We spent our Sunday afternoon with Khalid before his sold-out Toronto debut. The 18-year-old R&B singer from El Paso, Texas talks to us about the rise of his success, finishing high school, his first-ever tour and more.
Get familiar now.
Your single “Location” blew up extremely quick. Was it surreal for you?
It was very surreal, especially being in high school. My senior year, there weren’t really a lot of other creatives around me, in my city of El Paso, so I was kind of one of the first up and coming, newer artists from El Paso to step up and it’s just so interesting what a voice note/memo that wasn’t even serious – it was kind of serious to me, but I didn’t really expect it to be serious to everyone else – how much that could affect other people. When they listen to it they’re like “Damn, I relate to this” and just seeing it take off like that, while I’m not even graduated yet, like I went from being the regular high school teenager to “oh shit, he’s a recording artist,” so it was really special for me. I had released it right before my senior prom, won prom king, graduated, and now I’m a recording artist. It was a really dope start for me.
That is dope. Because at 18 people are usually like “Oh what am I doing next?” Whereas for you, your voice memo took off and it turned into “This is what I’m doing next.”
Yeah, because before this I was like “what am I gonna do next!?” “What am I gonna do when I graduate?” and then, it’s almost like my life had a course of its own. It’s like, this is what you were meant to do, this is why the voice notes came about, this is why you uploaded them to SoundCloud, so keep pushing, follow that dream you have. And I followed that dream.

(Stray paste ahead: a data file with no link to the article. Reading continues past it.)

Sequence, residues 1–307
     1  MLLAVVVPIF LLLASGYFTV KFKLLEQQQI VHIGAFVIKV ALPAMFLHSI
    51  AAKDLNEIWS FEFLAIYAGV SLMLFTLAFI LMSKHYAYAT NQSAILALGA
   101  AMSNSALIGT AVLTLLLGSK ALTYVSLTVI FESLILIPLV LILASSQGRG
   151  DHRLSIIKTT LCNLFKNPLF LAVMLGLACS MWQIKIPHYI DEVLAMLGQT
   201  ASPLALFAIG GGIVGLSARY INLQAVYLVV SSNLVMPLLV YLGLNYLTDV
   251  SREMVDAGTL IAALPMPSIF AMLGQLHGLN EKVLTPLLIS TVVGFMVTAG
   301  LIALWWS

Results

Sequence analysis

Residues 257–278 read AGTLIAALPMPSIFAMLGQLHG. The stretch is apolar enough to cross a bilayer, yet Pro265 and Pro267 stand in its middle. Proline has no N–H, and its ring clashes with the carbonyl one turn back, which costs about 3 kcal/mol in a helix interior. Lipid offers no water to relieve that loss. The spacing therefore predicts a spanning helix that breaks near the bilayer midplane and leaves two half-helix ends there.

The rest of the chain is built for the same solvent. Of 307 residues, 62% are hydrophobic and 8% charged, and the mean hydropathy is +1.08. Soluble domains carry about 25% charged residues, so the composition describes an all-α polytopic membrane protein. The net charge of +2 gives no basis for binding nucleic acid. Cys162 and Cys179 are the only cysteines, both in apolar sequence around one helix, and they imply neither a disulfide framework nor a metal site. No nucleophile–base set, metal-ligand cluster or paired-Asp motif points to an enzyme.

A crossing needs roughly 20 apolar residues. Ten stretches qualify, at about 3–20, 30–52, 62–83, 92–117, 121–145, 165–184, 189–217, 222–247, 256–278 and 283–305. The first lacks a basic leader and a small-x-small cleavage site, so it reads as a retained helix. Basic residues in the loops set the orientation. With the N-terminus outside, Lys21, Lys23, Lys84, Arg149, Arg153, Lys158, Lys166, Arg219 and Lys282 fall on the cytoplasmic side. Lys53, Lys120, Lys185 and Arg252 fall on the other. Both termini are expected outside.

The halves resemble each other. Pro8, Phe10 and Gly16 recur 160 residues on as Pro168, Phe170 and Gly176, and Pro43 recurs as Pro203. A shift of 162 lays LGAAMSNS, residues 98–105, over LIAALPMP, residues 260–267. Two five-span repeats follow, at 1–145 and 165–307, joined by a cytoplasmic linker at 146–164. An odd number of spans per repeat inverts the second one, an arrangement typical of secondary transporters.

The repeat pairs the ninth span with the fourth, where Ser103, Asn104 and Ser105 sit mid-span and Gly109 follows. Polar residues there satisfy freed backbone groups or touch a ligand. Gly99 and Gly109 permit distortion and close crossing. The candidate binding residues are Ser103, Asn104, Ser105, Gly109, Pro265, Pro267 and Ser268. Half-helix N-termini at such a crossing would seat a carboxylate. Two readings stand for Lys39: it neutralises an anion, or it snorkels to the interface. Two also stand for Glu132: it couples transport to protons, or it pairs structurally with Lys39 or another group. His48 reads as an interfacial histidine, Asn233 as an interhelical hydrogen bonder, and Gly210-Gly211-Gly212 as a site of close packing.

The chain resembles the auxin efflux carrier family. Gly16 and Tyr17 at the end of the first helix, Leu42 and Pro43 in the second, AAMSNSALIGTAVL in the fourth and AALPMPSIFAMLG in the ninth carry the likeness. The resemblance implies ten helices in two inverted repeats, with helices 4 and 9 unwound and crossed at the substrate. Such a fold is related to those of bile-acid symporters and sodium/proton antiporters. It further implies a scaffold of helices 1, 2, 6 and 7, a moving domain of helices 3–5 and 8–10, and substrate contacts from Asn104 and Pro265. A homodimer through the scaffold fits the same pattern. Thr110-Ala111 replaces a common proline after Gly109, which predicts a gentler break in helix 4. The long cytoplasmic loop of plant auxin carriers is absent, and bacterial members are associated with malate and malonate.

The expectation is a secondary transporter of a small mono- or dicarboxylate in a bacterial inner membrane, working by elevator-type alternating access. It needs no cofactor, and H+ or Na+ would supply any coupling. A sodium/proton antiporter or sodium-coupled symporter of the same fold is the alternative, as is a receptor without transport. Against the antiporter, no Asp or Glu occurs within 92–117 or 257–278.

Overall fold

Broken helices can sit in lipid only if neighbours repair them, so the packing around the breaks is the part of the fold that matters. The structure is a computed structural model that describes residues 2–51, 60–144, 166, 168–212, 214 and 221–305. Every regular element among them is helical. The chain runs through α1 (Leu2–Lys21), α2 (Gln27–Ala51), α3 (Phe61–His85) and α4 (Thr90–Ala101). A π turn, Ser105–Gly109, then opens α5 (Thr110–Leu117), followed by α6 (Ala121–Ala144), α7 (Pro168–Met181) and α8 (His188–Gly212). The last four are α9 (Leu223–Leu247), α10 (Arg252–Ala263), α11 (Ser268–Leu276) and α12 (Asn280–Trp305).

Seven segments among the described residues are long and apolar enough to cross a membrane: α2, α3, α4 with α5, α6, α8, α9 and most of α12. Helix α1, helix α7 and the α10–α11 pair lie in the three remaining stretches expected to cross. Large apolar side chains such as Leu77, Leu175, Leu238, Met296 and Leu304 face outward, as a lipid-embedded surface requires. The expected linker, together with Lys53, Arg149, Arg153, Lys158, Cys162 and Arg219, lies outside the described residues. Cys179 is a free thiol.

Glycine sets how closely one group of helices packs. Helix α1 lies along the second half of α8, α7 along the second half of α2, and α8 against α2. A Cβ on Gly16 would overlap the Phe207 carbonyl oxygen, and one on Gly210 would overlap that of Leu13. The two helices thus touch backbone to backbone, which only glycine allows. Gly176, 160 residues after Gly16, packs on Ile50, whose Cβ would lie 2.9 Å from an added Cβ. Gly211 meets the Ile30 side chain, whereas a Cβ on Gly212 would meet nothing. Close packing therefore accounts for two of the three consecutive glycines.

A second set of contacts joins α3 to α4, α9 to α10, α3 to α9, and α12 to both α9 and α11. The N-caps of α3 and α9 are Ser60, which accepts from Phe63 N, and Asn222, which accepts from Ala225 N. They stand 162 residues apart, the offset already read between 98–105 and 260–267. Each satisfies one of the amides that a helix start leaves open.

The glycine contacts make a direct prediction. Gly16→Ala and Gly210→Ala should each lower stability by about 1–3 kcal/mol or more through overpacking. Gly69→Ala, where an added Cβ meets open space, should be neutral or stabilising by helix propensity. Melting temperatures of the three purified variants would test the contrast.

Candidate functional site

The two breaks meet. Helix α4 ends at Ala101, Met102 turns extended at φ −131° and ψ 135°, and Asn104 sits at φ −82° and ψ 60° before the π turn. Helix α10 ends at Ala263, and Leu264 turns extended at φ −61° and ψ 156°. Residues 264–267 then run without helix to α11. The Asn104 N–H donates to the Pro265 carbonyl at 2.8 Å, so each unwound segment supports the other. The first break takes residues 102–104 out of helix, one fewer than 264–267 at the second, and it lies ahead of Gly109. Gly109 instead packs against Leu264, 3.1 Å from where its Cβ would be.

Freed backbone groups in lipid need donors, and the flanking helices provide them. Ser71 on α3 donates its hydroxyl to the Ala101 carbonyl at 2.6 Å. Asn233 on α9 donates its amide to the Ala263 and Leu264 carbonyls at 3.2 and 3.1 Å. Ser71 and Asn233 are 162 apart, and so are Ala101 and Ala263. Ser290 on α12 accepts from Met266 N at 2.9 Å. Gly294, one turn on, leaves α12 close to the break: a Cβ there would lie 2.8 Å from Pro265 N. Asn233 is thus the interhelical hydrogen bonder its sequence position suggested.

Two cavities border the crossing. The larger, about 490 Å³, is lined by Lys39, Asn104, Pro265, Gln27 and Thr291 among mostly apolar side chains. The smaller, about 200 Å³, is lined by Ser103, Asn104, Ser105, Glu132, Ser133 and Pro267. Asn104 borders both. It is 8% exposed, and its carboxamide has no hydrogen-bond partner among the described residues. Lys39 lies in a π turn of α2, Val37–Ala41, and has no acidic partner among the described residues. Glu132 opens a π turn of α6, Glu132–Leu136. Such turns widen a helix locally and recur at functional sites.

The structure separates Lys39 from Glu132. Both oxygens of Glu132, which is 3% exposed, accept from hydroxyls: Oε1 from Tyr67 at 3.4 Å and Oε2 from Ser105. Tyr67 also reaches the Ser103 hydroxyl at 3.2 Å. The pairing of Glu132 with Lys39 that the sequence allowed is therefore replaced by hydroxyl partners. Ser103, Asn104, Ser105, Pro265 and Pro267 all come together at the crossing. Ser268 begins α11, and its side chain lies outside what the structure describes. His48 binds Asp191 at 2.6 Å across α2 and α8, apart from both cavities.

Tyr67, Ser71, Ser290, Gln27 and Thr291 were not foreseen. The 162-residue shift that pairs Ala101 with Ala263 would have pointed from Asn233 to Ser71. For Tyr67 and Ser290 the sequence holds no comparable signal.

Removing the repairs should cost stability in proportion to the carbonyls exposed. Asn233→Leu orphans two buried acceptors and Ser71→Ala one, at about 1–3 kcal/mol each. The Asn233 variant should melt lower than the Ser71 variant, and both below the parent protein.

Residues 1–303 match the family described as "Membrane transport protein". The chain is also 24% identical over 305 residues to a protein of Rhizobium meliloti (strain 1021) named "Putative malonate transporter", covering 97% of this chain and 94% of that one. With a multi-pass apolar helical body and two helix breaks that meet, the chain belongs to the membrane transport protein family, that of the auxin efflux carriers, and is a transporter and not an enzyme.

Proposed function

Timings crazy eh.
Definitely. Timing is wild haha.
Tell us about the music scene in El Paso, Texas.
There’s becoming a music scene. There has been, At the Drive-In is a very popular band from El Paso. Ever since then, there weren’t really a lot of creatives and a lot of artists because I feel like people were kinda scared, they didn’t really have the confidence to step out and create music. There were a lot of different musicians, but there wasn’t really anything that took it to the next level. It’s almost like everybody in El Paso wanted to be ‘El Paso Artists’ – they wanted to stay in El Paso, but over the course of my senior year, just seeing how my life transformed, I looked around me and I saw how there were so many different creatives, so many different photographers, so many different painters, all of that. Now I feel like there’s going to be a really strong music scene in El Paso, for 2017 and 2018. There’s so many different, new creatives really doing their thing out there, pushing out support. All of us telling each other ‘we have to support our friends’ cause that’s the only way that music is going to push out of that city – if you have support from the city. If you don’t have support from the city, you’re gonna stay in the city. The [El Paso] music scene is learning, it’s growing, but it’s becoming something, and I really have a lot of faith for it in the upcoming years.
How’s your first tour going? We know this is day 3, but do you have any highlights so far?